In February 1859 the Dundalk & Enniskillen Railway (D&ER) reached Enniskillen. This changed things for the L&ER line as it was now connected to Ireland’s capital city Dublin as part of a trunk route. The L&ER realised that more efficient running of train services could be brought about if both lines were worked by one company. They entered into negotiations with the D&ER and from 1 January 1860 that company took out a lease on the L&ER line and started to operate the train services. This resulted in through running between Derry/Londonderry and Dundalk with through coaches to Dublin. On 2 September 1861 the Portadown, Dungannon & Omagh Railway completed its route which created a direct route to Belfast.
On 7 July 1862 the D&ER was renamed as the Irish North Western Railway (INWR).
In 1863 Porthall was now served by three trains in each direction.
On 13 March 1863 there was a tragic accident at Porthall station. The Station Master was giving some children a ride on a platelayers trolley (described as a lorry) when a pilot engine came along the line. The Station Master hoisted a red signal and managed to remove four children but a fifth was killed. It seems to have been a very foolhardy thing to do and it is not known what action, if any, was taken against the Station Master.
On 1 January 1876 agreement was reached for INWR to be taken over by the Northern Railway (Ireland) and in turn that company merged with the Ulster Railway to form the Great Northern Railway Ireland (GNRI) on 1 April 1876. In 1883 the GNRI bought out the L&ER lease.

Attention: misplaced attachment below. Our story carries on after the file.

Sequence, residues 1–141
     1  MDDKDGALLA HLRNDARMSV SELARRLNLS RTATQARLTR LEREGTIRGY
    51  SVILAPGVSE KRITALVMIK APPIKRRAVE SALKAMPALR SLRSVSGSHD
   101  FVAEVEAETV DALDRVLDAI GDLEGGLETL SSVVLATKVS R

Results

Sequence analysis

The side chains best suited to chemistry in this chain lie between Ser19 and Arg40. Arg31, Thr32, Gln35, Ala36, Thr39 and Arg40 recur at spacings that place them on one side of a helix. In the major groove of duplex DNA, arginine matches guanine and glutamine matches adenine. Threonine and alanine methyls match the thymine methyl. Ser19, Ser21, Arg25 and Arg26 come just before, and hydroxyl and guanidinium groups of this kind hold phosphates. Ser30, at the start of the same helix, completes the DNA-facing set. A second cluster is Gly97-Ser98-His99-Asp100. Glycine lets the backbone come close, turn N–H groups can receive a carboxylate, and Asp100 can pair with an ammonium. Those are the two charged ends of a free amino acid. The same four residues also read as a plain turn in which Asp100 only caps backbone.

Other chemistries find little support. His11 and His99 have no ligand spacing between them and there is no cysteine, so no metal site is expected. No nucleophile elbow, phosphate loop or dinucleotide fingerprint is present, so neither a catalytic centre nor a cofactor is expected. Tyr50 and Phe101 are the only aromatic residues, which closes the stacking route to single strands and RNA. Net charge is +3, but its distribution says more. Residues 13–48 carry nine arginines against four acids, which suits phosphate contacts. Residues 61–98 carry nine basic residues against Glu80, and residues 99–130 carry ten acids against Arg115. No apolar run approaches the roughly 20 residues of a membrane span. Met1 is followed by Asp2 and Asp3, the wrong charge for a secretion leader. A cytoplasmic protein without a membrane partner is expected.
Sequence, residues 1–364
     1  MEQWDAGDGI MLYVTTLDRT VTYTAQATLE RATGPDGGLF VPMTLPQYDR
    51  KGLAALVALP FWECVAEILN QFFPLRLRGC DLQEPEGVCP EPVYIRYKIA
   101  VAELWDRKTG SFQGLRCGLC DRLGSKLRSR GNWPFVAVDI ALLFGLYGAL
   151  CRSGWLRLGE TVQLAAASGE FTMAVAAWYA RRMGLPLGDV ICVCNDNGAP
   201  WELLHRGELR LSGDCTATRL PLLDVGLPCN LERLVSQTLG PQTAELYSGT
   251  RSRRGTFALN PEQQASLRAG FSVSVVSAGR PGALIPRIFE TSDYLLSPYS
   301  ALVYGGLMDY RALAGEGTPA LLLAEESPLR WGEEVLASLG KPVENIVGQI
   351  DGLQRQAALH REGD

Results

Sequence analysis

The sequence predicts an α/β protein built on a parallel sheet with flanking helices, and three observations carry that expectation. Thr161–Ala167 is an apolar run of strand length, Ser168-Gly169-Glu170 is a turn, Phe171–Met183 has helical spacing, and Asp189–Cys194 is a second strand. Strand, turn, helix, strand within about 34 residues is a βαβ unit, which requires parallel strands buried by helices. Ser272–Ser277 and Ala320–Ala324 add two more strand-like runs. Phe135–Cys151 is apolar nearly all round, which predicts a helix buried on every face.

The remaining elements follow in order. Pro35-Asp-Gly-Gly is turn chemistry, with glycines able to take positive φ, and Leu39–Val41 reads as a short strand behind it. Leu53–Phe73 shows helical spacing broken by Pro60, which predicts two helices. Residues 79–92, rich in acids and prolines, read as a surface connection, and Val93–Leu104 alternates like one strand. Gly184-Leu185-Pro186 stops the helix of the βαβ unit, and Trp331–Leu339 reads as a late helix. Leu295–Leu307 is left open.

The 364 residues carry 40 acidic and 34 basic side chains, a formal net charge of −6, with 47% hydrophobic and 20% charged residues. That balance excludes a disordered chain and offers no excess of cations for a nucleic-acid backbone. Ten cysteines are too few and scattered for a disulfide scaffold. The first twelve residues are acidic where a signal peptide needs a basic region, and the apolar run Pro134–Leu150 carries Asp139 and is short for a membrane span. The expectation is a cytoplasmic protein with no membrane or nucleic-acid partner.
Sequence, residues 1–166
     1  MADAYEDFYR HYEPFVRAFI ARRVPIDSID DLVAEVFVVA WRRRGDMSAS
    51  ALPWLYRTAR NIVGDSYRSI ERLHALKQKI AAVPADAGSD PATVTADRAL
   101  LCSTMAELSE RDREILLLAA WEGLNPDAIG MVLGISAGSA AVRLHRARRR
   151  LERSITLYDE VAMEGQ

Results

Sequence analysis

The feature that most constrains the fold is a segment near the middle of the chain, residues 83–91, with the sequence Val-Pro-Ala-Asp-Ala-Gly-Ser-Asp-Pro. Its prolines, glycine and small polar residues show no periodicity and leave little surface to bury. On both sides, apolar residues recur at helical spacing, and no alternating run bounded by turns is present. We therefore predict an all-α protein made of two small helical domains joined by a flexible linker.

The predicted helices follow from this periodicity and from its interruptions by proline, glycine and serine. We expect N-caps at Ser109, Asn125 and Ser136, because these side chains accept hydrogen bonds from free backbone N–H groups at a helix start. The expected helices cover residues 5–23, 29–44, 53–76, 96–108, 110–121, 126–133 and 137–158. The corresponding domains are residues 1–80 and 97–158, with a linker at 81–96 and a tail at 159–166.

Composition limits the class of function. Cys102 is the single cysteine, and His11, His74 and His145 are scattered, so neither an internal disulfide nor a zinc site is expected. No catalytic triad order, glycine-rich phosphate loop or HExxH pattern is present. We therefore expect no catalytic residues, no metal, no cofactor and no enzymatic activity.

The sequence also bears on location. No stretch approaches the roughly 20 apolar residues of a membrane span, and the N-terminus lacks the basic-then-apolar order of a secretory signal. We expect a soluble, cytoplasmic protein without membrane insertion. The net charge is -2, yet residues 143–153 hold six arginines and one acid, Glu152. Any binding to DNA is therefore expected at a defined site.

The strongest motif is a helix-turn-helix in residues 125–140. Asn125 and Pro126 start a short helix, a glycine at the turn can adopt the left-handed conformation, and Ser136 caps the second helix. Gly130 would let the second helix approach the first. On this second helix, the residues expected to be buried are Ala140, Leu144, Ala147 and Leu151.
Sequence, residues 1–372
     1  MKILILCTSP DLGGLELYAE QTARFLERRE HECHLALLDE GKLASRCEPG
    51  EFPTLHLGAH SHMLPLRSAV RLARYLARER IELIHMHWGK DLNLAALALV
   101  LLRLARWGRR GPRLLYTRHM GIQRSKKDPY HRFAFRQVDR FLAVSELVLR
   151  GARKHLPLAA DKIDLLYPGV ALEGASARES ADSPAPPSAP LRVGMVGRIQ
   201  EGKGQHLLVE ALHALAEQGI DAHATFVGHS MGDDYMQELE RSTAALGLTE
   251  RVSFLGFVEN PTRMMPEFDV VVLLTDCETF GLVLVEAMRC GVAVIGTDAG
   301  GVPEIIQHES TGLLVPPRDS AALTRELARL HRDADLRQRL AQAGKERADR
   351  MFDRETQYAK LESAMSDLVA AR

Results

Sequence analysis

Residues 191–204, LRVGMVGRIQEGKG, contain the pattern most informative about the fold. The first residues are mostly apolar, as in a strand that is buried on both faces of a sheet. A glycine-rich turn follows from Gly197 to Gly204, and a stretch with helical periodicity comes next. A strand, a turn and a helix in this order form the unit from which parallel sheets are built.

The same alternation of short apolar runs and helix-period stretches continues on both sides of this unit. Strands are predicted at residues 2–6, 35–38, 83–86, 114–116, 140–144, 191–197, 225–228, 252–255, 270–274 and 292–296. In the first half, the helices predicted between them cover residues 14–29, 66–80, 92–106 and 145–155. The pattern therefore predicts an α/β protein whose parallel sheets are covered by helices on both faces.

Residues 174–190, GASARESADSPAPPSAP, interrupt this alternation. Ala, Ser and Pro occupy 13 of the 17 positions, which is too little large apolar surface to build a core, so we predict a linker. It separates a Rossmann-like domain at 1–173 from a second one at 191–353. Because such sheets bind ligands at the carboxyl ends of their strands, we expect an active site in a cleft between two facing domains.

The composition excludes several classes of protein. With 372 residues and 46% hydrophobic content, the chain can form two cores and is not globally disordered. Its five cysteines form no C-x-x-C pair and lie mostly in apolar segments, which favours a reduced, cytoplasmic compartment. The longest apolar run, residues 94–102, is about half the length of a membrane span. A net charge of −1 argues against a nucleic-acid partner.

In 1879 Porthall station reached its final form. The passenger facilities were located in a single storey brick built building with a pitched roof of slate. The building was located adjacent to the level crossing on the east side of the line. A path passed between the front of the building and the main line and connected to a raised platform which had a face of stone and a paved edge. Behind the paved edge the platform surface consisted of crushed stone. Oil lamps illuminated the platform which had been lengthened by 150 feet.
There was a goods siding with loading platform which was located on east side of the line.
Also in 1879 new sidings were put in to serve a small brick works and quarry. The new section of line branched off from the goods siding just to the north of the level crossing, before the loading platform.